Monday, June 20, 2011
Blasts from the Past, Day 20
Havana Heat is a neat little novel about baseball, history and politics, an imaginative take on what would have happened if Fidel Castro had really been a professional minor-league pitcher. There has always been speculation the Castro spent some time playing ball before he became a revolutionary, but such legends have pretty much been debunked.
The reason I mention this title, apart from it's entertainment value, is that it presented me with a real stumper of a problem when I recorded it. The main character is an American who travels to Cuba with a minor league team in the 1950's. He speaks Spanish, but it isn't always clear what language he's speaking when, and to whom. Sometimes the author refers to Cubans speaking English, but often the English-speakers and the Spanish-speakers simply chat away with no indication of what language they are speaking. The problem for the narrator, of course, is when to use accents and when not to. If the Cubans are speaking English, should they have accents? If they are speaking Spanish, then presumably they shouldn't, since they wouldn't have "accents" when speaking their own language. If two Cubans are speaking to each other but then speak in English to the American character, should they have no accents at first but accents when they speak to the American? But then, should the American sound like he's speaking Spanish? How do you do that? Occasionally the text gives some hints ("she said to him in Spanish" or "they spoke in broken English") but for the most part the story rattles along with everyone talking to everyone else, and after a few attempts to indicate who speaks English and who doesn't, the author sort of ignores the issue.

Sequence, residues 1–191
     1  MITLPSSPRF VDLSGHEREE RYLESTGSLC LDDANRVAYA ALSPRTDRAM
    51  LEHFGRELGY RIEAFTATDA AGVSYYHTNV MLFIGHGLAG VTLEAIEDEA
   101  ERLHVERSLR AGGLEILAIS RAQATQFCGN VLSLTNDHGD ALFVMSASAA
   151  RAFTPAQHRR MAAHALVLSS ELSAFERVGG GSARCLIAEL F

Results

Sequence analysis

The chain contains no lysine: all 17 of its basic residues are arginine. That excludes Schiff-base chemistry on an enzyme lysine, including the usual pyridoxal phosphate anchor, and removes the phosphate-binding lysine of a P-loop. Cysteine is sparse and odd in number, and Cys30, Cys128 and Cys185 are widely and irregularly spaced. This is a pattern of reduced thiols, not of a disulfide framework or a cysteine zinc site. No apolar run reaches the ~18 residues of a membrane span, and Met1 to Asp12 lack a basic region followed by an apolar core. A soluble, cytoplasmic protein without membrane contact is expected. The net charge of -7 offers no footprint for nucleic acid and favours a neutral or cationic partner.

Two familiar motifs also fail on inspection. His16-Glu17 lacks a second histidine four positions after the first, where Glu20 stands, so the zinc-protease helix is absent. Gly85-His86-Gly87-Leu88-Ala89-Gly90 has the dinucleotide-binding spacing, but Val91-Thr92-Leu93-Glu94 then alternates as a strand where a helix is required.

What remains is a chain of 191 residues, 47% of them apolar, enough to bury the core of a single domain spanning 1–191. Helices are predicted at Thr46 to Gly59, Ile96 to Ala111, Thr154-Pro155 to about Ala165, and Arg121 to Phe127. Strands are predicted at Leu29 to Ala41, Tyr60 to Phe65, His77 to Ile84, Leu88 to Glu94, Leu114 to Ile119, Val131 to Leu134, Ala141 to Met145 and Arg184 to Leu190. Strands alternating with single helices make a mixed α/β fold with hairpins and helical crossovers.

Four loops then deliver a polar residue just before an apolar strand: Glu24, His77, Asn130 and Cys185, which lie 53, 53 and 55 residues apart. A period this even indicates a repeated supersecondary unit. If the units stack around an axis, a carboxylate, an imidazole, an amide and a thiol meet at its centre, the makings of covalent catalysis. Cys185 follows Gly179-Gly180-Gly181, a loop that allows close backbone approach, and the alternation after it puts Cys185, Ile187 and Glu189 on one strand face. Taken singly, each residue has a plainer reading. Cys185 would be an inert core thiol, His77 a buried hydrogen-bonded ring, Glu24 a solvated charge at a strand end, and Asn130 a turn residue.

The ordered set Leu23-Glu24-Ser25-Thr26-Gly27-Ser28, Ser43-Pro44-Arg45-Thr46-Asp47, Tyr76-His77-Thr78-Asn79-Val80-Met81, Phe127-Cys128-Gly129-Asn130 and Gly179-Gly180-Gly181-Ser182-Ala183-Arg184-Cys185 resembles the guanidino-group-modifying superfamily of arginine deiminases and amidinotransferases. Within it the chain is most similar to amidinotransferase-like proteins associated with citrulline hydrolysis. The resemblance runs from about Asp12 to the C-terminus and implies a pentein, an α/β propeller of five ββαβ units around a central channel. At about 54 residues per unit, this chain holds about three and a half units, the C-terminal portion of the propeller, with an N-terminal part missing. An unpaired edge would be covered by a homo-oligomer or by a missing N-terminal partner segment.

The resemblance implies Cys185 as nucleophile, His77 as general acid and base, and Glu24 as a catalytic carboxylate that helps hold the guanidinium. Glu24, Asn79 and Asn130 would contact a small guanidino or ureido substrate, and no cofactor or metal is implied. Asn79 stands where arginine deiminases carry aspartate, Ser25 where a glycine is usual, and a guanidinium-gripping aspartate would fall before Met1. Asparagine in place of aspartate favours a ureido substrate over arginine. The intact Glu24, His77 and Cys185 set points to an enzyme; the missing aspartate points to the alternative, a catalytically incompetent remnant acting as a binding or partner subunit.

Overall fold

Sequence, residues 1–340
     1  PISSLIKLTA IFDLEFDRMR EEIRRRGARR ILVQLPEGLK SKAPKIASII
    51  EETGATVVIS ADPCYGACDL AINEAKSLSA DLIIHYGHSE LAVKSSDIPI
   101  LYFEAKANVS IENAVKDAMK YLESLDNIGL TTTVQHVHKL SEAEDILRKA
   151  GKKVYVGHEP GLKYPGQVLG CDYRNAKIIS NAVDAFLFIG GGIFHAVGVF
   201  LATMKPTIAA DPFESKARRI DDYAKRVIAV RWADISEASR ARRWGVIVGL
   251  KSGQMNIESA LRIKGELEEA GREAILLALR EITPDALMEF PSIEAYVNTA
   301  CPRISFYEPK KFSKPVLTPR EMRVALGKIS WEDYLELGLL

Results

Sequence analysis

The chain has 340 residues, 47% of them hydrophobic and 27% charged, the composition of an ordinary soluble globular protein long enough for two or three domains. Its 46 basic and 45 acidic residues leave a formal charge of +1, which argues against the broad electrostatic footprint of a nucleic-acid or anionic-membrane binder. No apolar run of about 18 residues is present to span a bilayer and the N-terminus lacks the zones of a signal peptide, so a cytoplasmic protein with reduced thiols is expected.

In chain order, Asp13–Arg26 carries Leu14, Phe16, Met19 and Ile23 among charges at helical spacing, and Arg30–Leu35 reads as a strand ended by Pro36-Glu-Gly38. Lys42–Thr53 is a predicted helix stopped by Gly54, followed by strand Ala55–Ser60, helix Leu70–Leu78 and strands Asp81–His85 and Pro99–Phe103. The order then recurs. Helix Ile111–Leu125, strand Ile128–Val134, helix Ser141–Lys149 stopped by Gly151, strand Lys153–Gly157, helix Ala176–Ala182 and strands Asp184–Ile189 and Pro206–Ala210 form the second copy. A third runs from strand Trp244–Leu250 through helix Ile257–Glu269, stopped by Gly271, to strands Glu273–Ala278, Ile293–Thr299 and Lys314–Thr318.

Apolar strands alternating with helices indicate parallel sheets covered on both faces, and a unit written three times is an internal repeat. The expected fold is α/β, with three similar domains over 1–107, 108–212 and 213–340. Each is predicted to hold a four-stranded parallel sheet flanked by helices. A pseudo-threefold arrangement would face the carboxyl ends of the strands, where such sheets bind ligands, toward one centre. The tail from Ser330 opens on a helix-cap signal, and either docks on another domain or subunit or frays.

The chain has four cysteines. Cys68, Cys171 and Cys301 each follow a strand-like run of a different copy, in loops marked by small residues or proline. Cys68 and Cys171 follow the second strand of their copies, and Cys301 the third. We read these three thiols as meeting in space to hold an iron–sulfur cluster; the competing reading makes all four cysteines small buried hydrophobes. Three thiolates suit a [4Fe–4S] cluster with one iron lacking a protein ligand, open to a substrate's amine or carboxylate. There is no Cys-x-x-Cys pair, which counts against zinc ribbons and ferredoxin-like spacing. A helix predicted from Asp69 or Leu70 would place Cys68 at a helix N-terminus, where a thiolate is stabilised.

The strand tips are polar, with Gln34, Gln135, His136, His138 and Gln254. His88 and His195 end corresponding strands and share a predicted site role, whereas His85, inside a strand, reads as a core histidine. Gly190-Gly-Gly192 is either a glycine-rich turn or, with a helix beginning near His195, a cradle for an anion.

That's not to say it's a bad book. On the contrary, it's a charming story and very nicely written. A print reader really wouldn't be aware of the issue. But clearly the author never considered what would happen if the book were to be read out loud. There's no easy way to establish any sort of convention for who speaks what how when.
I can't remember exactly what my solution was, except to improvise as I went along. But I must have pulled it off because it got some nice reviews.
Later this month I'll revisit this issue in light of an international thriller I've got coming up.